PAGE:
Helping others to make the biggest impact: Jane Slowey memorial membership programme

ACEVO is facilitating the Jane Slowey memorial membership programme in memory of Jane Slowey. Here, Rosie Ferguson, chief executive of Gingerbread, reflects on Jane’s legacy and explains why this programme is so important.

Being a charity chief executive in the current environment isn’t always easy. Of course, we have the privilege and opportunity to make an impact on a mission we are passionate about, and to get paid well in the process – which is certainly something to be grateful for. But the roles can be incredibly challenging, and often lonely. In my experience, we’re generally doing the best we can in an often harsh external context, to deliver results on impact and financial bottom line with never quite enough resource or staff capacity to deliver our ambition.

I was lucky when I took on my first chief executive role to be welcomed into an incredible peer group of youth sector CEOs. They nurtured me individually and collectively over breakfasts and beer.

One of these people was Jane Slowey, then chief executive of the Foyer Federation. She and I used to meet for Turkish food in a café between our offices and talk through the latest challenge or opportunity. She built my confidence in the decisions I was making. She pushed me to think bigger and bolder about what London Youth could achieve. She inspired me to always focus on the ultimate change, not just the immediate problem in front of me that day. She just told me I was doing okay – and that there is no magic formula that I was supposed to be following, encouraging me to be myself in leadership. She also checked in on what I was doing outside of work, and role modelled with her talk of her children and her choir trips how important it is to be a whole person and not just a job title.

When the news of Jane’s death spread across social media, it was incredible to see the number of tweets, posts and messages from other women in leadership roles in the sector who had similar experiences of Jane. I have no idea how she found the time over the years; but somehow she made space through her career to inspire and nurture hundreds of aspiring and developing female leaders. Wow.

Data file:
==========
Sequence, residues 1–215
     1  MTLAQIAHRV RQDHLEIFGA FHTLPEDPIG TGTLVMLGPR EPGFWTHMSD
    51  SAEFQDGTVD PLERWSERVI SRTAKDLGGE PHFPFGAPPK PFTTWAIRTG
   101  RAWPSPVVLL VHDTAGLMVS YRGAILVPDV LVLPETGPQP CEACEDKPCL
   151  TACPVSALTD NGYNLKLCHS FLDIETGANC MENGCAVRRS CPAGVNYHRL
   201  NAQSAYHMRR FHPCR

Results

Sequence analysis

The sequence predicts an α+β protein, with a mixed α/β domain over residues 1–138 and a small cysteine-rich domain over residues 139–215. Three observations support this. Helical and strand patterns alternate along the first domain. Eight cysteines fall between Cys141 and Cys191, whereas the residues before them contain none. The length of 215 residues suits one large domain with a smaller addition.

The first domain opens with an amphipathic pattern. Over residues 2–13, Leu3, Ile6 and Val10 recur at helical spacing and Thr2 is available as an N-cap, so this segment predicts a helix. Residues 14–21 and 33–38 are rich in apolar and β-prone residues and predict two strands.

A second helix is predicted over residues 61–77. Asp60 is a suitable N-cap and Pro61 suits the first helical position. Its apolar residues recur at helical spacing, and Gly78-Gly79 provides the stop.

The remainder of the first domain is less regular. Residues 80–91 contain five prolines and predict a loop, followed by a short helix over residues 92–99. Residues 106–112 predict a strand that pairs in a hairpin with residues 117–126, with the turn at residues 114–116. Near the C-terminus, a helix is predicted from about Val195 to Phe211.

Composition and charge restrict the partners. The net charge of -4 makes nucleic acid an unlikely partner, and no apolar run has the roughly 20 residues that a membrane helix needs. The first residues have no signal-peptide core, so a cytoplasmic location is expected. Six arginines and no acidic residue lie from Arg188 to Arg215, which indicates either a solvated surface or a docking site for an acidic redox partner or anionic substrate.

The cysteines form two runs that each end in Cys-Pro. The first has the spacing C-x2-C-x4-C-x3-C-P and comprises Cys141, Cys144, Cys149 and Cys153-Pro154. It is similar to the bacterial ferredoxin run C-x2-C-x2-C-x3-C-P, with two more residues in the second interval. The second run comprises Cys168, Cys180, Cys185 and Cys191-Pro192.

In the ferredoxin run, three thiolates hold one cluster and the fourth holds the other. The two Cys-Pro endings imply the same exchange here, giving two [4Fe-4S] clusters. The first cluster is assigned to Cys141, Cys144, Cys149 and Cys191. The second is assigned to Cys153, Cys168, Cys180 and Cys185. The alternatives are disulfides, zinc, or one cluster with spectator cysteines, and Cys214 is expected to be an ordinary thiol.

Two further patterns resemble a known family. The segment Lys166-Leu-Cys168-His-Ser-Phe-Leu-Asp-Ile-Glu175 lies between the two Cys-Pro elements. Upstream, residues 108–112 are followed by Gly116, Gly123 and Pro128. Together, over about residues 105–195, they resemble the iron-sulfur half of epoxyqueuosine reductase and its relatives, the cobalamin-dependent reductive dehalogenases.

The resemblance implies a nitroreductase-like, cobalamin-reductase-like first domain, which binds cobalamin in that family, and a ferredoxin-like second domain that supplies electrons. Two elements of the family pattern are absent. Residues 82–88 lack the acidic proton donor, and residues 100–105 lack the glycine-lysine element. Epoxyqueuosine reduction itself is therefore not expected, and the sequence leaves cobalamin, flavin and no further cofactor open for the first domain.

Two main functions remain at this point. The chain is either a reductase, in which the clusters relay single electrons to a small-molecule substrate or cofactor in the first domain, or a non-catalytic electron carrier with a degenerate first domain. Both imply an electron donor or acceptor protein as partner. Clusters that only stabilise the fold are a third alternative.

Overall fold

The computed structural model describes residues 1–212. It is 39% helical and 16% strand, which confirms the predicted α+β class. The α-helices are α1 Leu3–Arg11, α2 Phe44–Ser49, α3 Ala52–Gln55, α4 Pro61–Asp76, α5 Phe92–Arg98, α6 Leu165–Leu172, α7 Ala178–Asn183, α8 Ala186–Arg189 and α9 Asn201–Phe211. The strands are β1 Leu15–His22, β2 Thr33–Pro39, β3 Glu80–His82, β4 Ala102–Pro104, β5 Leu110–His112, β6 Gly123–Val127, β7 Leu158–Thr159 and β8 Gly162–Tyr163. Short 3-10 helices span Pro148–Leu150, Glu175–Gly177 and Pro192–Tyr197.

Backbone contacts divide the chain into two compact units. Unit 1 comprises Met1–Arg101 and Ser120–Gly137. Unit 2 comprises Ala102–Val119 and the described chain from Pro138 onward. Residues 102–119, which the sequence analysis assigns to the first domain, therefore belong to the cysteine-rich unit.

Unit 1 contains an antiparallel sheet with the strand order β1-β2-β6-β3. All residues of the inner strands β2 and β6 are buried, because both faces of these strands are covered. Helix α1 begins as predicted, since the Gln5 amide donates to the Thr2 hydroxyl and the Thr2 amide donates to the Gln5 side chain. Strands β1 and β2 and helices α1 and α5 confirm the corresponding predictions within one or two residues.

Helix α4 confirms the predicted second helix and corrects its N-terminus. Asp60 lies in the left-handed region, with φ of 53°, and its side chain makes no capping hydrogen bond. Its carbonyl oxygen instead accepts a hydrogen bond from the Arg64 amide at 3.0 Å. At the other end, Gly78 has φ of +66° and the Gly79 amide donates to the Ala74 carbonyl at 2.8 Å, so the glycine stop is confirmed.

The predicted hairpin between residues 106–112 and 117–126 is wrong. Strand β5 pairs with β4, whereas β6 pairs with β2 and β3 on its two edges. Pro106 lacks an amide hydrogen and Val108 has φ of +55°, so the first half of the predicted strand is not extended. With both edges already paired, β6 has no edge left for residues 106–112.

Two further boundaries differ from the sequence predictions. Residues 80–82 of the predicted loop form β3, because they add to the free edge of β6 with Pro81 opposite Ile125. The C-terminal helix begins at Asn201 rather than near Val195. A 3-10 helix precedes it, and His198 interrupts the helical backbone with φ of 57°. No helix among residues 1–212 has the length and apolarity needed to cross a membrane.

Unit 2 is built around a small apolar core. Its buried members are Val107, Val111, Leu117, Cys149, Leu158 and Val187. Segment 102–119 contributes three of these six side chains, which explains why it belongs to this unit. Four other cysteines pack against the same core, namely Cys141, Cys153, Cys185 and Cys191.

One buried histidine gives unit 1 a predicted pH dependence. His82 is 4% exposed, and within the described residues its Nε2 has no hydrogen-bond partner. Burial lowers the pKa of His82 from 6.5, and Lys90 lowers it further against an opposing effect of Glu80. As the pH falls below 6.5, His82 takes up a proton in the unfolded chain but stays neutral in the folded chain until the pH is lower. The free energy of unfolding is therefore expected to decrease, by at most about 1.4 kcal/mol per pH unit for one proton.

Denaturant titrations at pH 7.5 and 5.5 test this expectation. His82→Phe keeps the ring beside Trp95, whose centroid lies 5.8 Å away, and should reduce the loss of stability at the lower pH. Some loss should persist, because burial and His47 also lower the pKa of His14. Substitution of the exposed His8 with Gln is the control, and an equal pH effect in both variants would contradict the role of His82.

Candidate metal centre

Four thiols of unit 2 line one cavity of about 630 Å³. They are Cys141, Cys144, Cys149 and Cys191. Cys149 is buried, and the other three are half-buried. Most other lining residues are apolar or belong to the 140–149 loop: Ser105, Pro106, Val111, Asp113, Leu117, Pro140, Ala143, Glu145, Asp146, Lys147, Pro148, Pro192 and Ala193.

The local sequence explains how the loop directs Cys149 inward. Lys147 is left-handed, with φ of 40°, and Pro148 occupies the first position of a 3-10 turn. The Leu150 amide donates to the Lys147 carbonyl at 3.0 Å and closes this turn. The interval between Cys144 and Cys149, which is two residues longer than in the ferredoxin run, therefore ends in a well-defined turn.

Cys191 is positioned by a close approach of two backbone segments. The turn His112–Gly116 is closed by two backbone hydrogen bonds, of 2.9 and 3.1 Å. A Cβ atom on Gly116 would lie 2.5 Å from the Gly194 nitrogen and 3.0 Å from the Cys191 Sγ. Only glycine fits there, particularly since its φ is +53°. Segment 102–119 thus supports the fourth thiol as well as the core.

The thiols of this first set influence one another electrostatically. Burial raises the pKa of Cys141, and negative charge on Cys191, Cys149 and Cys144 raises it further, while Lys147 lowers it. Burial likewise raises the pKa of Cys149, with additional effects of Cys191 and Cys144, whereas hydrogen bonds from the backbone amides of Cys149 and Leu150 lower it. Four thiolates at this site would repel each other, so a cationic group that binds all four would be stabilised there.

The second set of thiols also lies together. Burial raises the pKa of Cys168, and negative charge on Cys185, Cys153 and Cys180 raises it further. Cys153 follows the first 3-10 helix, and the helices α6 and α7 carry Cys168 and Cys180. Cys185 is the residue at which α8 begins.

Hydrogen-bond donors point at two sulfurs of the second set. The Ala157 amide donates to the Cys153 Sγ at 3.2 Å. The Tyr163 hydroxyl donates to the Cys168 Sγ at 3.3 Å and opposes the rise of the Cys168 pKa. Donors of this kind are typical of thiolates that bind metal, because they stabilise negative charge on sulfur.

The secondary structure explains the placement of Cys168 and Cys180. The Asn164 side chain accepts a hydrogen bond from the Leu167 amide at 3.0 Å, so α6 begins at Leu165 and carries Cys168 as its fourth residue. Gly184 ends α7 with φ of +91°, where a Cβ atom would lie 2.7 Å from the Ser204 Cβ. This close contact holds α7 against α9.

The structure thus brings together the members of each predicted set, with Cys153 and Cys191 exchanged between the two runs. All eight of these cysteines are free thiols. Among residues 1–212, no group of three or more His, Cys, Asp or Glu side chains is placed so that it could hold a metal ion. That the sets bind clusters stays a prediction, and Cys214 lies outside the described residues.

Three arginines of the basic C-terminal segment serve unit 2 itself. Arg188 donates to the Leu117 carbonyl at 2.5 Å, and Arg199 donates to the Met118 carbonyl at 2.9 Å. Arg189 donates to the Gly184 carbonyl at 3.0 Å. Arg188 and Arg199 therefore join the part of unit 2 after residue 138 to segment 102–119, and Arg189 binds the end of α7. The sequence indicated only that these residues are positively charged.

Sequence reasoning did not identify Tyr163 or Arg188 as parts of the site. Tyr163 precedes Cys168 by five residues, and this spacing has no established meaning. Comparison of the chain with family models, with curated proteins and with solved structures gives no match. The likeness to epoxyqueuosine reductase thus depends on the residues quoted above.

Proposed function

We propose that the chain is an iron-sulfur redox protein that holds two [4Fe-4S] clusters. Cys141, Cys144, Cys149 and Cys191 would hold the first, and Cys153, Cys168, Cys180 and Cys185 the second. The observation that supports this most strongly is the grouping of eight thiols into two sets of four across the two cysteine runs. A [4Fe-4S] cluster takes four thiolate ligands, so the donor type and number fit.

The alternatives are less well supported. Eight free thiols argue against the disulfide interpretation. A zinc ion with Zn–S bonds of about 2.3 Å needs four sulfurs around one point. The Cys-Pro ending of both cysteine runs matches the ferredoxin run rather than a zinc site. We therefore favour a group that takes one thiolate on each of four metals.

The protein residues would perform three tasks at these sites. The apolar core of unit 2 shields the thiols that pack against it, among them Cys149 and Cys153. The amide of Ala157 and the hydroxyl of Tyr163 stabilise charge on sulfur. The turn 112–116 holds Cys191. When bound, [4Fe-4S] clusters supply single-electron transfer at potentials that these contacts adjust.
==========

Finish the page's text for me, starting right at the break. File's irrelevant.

This is why a number of us who knew Jane have been working with ACEVO to develop the Jane Slowey memorial membership programme and provide cohorts of eight women leaders with the critical elements of what Jane offered to so many:

  • A mentor to help build confidence in themselves and the decisions they make
  • A peer group to celebrate, challenge and console leaders through their journey

It is especially important to us that this programme reaches women leaders who don’t necessarily have existing support networks around them, or who face additional barriers to participating in other leadership development opportunities. That’s why we’ll be prioritising applications from women from black or minority ethnic backgrounds or those with a disability.

We’re currently aiming to reach £10,000 in donations to fund the programme for two years, and are delighted that Big Lottery Fund are willing to match fund what we raise to enable the programme to run for four years, weaving Jane’s legacy on women leaders in the sector way beyond those who met her.

I feel very lucky to have known Jane. If this programme can have even a fraction of the impact on leaders that Jane has had – and as a result on the beneficiaries that they serve, then I know she would be very proud.

Applications for the Jane Slowey memorial membership programme are open until 30 November 2018. To be considered for the programme please send a completed application form, your cv and a cover letter (no more than 500 words) explaining why you would like to receive a Jane Slowey memorial membership, with a focus on how you envisage this programme helping you to meet your personal and professional goals or develop new skills which could strengthen your impact as a leader, to Please note all applicants must be female, and priority will be given to women under 45, those from BAME backgrounds and/or women with a disability. Find out more.

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